Chairman’s Report for October 13, 2023

In this issue of the newsletter
New: Christmas for Refugees will help victims of Jihad in Mangu, Nigeria
New: Christmas for Refugees will relieve the despair of IDP children
New: More Christmas programs in Lebanon and Syria, fewer in Iraq

Taking Christmas for Refugees to Mangu
By William J Murray

The needs of terrorized Christian farmers are great: When I visited the IDP camps in Mangu, Nigeria I was shocked by the conditions compared to the IDP camps in Iraq. Everyone in the main Mangu camp was sleeping directly on concrete floors in a closed grammar school. Some had thin blankets but that was all. The clothes they wore were the clothes they had escaped the Fulani Herdsmen wearing.

We delivered material goods including mattresses, food, and medicine to aid those living at the Mangu IDP camp.

The “kitchen” was a fire pit outside and there was no refrigeration.

Knowing in advance there was no refrigeration, the bulk foods we delivered while I was there did not require it.

We delivered mattresses for everyone at that IDP camp located inside the grammar school, but there are three more IDP camps. In addition, there are several “service camps” to assist people who are IDP’s but have found some shelter with friends or relatives.

Just in the area Nancy and I visited, more than 200 Christians had been murdered by the Fulani Herdsmen, mostly men who worked the land. The mothers and their children are now without a provider, and in an area with few jobs available for women who were wives of the farmers.

What can we do to help these Christian families whose homes and livelihood were stolen by Islamic violence? The Religious Freedom Coalition does not have the means to supply aid for long periods of time, but we can implement some of our existing programs for the children.

Christmas for Refugees: We can bring the Christmas for Refugees program to the hard hit areas closest to the location of the orphanage in Jos. I want to bring a Christmas experience to the IDP camps in Mangu. The programs would be similar to those we provided for IDP children in Iraq when the Islamic State ran the Christians out of their towns.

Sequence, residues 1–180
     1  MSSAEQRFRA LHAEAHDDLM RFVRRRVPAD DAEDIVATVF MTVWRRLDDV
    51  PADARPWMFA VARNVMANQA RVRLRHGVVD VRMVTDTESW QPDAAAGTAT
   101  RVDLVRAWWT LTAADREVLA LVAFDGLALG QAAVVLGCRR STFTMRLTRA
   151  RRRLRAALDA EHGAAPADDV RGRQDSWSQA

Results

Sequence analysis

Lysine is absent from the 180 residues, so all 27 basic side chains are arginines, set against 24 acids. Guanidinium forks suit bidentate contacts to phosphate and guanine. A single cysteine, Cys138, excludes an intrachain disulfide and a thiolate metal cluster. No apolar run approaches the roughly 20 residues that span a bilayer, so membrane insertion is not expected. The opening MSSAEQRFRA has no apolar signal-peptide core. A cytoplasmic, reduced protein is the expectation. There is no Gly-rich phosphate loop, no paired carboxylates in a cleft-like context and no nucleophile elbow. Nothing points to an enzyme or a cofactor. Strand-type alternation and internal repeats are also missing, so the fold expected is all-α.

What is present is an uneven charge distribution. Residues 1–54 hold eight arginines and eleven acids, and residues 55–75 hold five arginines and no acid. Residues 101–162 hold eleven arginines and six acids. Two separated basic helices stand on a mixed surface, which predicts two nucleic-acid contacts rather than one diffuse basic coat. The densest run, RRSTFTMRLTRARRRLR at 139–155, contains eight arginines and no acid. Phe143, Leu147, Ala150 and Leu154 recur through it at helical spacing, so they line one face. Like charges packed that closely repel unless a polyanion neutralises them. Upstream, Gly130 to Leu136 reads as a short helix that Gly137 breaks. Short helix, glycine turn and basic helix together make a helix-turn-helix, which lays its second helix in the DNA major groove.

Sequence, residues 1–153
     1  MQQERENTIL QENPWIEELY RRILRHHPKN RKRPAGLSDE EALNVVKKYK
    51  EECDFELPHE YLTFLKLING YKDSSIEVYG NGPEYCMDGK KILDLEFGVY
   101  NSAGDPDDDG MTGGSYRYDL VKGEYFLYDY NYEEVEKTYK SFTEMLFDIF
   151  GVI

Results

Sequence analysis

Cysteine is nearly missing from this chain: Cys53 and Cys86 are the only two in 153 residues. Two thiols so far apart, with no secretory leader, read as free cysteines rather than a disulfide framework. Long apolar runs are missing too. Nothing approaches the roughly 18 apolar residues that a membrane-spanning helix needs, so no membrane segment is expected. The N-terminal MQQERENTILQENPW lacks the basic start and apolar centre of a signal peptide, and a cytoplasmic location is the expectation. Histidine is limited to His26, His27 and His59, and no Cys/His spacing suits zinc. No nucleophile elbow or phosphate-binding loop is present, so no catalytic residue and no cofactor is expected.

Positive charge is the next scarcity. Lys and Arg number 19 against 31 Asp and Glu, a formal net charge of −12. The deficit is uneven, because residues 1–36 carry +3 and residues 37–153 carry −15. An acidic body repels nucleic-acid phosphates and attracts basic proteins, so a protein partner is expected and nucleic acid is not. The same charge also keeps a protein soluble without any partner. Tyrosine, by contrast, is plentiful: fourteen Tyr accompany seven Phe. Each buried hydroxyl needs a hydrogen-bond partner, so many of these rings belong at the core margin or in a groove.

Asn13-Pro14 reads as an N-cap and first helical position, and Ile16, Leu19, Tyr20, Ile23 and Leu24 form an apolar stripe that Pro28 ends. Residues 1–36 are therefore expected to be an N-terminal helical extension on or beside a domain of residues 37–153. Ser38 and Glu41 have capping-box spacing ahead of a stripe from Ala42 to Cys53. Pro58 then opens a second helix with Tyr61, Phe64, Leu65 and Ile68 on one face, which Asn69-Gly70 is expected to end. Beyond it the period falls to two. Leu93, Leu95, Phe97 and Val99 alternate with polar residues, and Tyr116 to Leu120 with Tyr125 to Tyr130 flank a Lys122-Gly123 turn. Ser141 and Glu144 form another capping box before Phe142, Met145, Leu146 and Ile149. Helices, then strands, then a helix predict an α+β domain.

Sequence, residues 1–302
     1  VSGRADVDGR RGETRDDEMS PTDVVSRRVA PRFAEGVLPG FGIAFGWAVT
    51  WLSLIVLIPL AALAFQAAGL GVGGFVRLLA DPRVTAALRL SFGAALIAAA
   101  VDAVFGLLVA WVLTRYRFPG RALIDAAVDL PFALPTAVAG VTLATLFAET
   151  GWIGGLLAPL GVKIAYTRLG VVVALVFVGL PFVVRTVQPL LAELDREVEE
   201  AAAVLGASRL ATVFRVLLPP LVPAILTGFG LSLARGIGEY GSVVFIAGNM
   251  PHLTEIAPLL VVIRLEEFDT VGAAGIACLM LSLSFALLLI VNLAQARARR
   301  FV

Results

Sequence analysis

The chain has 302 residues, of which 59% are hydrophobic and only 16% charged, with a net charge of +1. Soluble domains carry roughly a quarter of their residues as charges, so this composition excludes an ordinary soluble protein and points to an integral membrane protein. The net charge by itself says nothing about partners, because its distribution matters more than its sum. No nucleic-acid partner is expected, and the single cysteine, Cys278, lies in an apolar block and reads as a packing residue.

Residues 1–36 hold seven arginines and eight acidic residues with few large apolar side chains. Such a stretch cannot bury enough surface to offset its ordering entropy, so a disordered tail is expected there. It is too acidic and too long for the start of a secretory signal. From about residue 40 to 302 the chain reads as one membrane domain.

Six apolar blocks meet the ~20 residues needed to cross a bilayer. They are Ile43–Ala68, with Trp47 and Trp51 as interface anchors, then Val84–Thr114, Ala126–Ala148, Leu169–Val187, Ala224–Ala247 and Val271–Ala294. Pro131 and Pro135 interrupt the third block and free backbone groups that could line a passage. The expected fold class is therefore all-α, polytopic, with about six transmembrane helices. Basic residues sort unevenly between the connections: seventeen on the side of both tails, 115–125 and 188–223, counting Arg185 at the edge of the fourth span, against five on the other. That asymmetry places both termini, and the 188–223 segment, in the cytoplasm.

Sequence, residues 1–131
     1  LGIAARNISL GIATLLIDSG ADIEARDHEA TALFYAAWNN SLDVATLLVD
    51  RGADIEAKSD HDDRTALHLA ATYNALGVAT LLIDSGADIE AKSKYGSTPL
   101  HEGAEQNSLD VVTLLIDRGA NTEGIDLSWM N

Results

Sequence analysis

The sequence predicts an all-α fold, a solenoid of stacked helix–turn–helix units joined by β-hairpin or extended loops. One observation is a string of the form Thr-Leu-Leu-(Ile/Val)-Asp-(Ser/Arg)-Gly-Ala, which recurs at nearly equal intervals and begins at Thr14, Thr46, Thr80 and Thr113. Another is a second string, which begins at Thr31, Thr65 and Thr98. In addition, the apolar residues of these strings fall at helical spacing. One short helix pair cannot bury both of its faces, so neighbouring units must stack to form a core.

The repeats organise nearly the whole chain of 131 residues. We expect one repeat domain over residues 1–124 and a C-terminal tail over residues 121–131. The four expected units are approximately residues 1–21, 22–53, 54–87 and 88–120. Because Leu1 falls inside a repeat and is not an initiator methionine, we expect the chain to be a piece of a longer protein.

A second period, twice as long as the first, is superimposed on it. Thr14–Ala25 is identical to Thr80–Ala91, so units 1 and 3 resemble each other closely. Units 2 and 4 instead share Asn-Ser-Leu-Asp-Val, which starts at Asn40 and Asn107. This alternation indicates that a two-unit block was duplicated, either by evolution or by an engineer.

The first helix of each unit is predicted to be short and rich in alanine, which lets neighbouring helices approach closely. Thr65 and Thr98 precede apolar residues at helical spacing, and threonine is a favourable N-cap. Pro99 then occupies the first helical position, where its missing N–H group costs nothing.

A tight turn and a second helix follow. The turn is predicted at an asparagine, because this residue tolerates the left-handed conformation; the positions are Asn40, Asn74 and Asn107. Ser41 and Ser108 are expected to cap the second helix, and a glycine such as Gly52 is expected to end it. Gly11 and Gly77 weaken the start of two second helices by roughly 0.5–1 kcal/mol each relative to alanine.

The Christmas programs we have provided for more than a decade have brought joy to the children, but also much needed help for their families, such as hygiene kits, food, blankets and other critically needed items. The programs would be held in two communities near Jos.

Drone photo of one of the many homes the Fulani Herdsmen destroyed in Mangu, Nigeria.

Our Christmas programs can help restore faith to the children and to the parents who remain.

The attacks were devasting and went beyond the communities in Mangu that I visited. Even the small amount we can do at Christmas will help in many ways because all was lost by these families.

Just as in the attack on our orphanage in 2021, the Christians who managed to escape death took only the clothes they wore as they ran. The Fulani then burned their homes. Clothing, food, and any books including family Bibles, were lost.

Joseph Dung Shut, the brother of the headmaster of our orphanage school, was murdered by the Sunni Muslim Fulani. He was killed during an attack on Christian farmers in the Banyit community of Heipang District located in the Barkin Ladi Local Government Area.

The Fulani attacked with automatic weapons. As they departed, they burned the homes and businesses.